The Gift of a Roth

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The Gift of a Roth

A parent asks Kimberly Lankford to explain the rules of funding an account for a child and how the money should be invested.

I would like to fund a Roth IRA for my 25-year-old daughter. She is a third-grade teacher and already saving for retirement. Could you suggest some appropriate funds? Would she have to pay taxes on this money?

Helping finance your daughter’s retirement is a great idea. Even if she has a 403(b) from her job as a teacher, adding a Roth is a good way to diversify her retirement savings. Unlike funding a 403(b), contributing to a Roth doesn’t give your daughter a tax break now. But she’ll be able to withdraw the money tax-free after age 59½, and she can withdraw the contributions at any time tax-free and without penalties.

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The deadline for 2009 IRA contributions is April 15, 2010. You can give her the money to contribute to the account, but she needs to meet the Roth income limits; if she’s single, her adjusted gross income must be $120,000 or less ($176,000 or less for couples) to contribute to a Roth for 2009. And you won’t face any tax consequences for the gift as long as you give her $13,000 or less for the year.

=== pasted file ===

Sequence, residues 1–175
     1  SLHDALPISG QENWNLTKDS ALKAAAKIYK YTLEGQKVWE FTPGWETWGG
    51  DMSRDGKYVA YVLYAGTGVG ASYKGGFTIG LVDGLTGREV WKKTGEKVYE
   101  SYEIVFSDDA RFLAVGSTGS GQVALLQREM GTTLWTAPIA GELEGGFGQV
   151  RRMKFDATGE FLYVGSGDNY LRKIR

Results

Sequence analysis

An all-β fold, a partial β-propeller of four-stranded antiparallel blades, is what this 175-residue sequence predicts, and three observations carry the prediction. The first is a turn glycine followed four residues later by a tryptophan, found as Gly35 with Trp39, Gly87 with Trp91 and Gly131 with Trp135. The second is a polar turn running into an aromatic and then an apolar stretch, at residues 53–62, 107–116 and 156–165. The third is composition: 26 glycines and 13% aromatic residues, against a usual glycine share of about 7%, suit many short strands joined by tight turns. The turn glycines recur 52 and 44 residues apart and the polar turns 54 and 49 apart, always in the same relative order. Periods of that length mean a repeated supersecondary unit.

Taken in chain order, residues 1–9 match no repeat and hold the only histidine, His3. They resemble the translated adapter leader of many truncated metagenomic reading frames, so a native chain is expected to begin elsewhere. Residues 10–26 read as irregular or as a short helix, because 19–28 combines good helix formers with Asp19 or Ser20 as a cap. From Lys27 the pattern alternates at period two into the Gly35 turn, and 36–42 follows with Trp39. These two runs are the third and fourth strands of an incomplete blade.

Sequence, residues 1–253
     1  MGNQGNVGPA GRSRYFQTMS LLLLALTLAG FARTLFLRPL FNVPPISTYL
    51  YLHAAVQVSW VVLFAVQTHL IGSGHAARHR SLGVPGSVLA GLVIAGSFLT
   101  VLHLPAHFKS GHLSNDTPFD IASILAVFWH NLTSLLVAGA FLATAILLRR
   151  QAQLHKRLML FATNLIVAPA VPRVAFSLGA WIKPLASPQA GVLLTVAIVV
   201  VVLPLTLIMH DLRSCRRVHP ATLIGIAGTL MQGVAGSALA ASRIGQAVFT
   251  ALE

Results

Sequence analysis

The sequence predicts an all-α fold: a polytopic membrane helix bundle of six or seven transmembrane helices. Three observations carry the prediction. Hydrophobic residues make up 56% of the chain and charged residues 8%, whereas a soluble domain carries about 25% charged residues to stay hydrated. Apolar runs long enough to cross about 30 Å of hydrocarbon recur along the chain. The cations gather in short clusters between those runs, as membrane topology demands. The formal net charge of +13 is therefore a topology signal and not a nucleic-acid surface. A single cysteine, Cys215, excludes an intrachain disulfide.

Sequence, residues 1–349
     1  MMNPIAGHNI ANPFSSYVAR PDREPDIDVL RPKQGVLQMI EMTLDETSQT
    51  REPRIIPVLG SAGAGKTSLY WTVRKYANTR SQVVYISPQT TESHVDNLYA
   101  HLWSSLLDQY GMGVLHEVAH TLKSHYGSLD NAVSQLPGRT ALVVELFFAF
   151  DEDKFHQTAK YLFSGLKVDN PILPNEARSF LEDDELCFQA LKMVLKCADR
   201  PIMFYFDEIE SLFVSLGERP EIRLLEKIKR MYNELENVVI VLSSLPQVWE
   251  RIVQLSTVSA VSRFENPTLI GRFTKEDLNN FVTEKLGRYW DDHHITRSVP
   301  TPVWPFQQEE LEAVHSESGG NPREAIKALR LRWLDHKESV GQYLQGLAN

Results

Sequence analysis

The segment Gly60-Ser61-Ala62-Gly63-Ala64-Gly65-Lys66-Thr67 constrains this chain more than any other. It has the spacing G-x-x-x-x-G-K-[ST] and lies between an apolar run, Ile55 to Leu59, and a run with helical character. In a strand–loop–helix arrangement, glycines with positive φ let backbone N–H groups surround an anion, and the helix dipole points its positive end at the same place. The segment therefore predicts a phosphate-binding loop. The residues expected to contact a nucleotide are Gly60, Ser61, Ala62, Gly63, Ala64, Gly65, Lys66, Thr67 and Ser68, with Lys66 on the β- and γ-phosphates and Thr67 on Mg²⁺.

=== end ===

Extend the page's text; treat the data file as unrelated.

If your daughter won’t touch the money until she retires, she can afford to put all of her money into stocks. Until she has enough money to build a diversified portfolio, she should start with a global stock fund -- one that invests in both U.S. and foreign stocks. Two good choices, both with a bent toward undervalued stocks, are Oakmark Global I (symbol OAKGX) and Dodge & Cox Global (DODWX). Neither levies a sales charge. If your daughter wants to tamp down risk further, a global balanced fund -- one that owns stocks and bonds from both U.S. and foreign markets -- may be appropriate. One of the few no-load funds in this category is Fidelity Global Balanced (FGBLX).

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